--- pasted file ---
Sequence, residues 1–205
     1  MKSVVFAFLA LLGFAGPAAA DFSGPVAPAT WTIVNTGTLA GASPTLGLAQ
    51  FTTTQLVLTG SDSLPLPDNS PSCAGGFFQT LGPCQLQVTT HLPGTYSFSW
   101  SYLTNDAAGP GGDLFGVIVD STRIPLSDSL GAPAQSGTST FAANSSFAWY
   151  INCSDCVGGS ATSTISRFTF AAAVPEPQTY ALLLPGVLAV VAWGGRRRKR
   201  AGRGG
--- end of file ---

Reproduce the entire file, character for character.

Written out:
Sequence, residues 1–205
     1  MKSVVFAFLA LLGFAGPAAA DFSGPVAPAT WTIVNTGTLA GASPTLGLAQ
    51  FTTTQLVLTG SDSLPLPDNS PSCAGGFFQT LGPCQLQVTT HLPGTYSFSW
   101  SYLTNDAAGP GGDLFGVIVD STRIPLSDSL GAPAQSGTST FAANSSFAWY
   151  INCSDCVGGS ATSTISRFTF AAAVPEPQTY ALLLPGVLAV VAWGGRRRKR
   201  AGRGG